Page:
There was a time when many businesses believed that a solid understanding of their goals, combined with the right technology, capabilities and talent would be enough to create successful products. These same businesses were often surprised to find out that, once they had released their products, nobody wanted to use them.
User centred design is, rightly, now at the centre of the product development process for more and more businesses — including insurers. The emergence of a number of well-funded, digital-native insurance startups including Lemonade and Trov has helped thrust product design into the limelight, emphasizing one of our core values: the customer, and the evolution of the customer’s needs, must always come first.
And conveniently enough, that’s what User centered design is all about. It ensures that the needs, wants and abilities of the people who will be using the product are considered at every stage of the design process.
Finding the product design sweetspot
In the past to some observers, many of them from industry, a flashy smartphone user experience for purchasing insurance, or handling a claim had little in common with building a sustainable business in a market where margins were already wafer thin. It was deemed an unnecessary expense, likely to cause more harm than good by disrupting established business and processes while burning a hole in the marketing department’s pocket.
Yet 2017 showed us — via various reports, blockbuster startup fundings, and above all, our own consumer and sector research — that innovation and the path to profitability are not mutually exclusive. While a raft of startups grabbed the headlines with new or innovative products and savvy, millennial marketing messaging (which happened to rightly focus on customer pain points), behind the scenes a more fundamental change has been taking place.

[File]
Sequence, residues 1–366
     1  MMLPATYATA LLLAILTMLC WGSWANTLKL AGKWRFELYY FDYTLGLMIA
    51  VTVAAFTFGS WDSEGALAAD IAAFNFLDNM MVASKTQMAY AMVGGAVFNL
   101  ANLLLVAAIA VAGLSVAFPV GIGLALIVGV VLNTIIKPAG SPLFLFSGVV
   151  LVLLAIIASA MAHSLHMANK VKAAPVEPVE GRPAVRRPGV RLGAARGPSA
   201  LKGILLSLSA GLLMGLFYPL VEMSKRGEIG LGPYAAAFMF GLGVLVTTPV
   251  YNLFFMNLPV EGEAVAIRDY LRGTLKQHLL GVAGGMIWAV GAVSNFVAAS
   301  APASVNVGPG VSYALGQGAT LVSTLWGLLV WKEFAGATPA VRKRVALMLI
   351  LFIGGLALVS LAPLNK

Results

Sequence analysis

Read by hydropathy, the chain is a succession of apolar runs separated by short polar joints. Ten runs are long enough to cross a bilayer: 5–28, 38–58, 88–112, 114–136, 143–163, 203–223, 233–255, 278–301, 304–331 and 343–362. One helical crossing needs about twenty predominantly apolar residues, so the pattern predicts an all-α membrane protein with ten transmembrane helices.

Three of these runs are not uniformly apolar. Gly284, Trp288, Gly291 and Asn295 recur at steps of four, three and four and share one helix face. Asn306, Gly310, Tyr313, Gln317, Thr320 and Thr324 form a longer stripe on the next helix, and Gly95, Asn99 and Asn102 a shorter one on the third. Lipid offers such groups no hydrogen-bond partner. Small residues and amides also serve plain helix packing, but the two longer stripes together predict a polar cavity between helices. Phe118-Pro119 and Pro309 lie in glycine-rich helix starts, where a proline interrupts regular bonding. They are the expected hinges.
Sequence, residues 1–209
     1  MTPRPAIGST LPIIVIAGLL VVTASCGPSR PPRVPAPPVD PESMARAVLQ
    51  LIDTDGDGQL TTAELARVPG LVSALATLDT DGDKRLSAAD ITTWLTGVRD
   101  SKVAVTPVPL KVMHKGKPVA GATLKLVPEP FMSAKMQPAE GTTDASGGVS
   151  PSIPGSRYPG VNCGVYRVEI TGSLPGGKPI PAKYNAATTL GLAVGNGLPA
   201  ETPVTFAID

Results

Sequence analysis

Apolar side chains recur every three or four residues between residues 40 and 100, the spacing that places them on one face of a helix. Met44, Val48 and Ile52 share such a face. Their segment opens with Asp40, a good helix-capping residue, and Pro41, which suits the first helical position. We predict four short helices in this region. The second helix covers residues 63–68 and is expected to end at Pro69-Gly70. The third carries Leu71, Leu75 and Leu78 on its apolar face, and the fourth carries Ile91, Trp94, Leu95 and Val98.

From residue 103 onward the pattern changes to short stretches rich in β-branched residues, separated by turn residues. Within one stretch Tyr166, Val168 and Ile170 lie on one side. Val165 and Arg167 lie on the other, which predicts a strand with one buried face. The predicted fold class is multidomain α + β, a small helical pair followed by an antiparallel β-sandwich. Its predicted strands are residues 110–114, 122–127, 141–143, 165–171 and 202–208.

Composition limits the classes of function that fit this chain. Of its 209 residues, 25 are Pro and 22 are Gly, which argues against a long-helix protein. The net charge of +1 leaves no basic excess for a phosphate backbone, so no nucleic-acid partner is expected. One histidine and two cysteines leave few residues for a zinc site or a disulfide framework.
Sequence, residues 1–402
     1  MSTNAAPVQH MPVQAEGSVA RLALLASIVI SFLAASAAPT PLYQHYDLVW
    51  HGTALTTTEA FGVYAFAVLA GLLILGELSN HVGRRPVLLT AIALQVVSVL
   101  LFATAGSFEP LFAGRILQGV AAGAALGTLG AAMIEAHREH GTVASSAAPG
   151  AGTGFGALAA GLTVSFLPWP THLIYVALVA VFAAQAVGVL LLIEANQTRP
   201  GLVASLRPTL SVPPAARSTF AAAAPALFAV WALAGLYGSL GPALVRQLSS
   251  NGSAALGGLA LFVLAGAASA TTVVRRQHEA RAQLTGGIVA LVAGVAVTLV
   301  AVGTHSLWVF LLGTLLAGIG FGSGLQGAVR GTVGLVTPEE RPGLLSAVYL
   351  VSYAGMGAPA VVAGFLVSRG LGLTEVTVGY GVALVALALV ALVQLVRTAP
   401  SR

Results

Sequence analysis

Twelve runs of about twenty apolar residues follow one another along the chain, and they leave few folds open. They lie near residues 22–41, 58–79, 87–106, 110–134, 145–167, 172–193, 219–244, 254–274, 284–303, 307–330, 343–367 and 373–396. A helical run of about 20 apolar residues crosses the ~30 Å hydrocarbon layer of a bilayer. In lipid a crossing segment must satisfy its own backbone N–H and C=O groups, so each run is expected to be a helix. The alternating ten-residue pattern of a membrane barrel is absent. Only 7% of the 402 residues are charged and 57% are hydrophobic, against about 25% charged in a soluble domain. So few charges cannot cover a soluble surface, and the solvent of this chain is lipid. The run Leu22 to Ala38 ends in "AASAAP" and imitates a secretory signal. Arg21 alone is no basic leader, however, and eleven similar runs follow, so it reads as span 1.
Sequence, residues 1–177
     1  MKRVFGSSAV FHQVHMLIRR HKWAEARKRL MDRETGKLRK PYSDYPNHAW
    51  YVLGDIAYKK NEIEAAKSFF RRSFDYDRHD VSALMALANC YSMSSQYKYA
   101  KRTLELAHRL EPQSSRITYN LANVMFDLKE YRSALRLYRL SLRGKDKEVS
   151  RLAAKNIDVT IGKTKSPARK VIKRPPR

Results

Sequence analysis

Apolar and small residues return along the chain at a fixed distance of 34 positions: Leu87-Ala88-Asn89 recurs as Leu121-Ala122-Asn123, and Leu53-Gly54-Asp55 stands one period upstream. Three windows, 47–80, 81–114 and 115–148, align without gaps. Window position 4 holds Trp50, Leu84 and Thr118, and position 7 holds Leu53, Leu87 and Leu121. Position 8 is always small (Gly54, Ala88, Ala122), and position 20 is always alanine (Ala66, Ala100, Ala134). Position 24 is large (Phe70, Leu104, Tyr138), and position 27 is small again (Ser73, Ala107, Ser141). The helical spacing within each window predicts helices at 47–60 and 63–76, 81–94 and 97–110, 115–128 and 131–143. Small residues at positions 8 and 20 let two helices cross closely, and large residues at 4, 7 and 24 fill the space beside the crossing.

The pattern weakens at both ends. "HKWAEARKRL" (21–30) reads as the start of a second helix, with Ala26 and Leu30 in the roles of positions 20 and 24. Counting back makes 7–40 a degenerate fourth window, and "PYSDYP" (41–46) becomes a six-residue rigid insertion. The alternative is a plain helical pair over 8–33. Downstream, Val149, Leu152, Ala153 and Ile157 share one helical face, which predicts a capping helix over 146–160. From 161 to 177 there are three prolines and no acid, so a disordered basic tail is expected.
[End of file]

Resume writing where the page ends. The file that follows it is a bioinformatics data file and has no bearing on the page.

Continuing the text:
This change has seen digitisation, and a need to evolve new forms of customer engagement based around convenience, agility and personalisation — as opposed to price — move closer to the top of the agenda of insurance CEOs across the globe. Part of this is driven by a recognition that many products and business models that are built with the consumer squarely in mind contain inherent efficiencies that can be leveraged across the value chain.
As a case in point, mobile-first products — which generally need to be laser-focused on user centricity — because of:
Are now considered among the most strategically viable options for global insurers in terms of business impact. In other words, technology will reward you for building products that customers love. And insurance, despite being at something of a disadvantage versus, say Apple or Amazon, can be part of that conversation. In fact, it needs to be part of that conversation.
Cassie Best is Senior UX Designer at Consumer Intelligence.
Has your company embraced User centred design? What have been the benefits? What are the pitfalls? Let us know in the comments, below.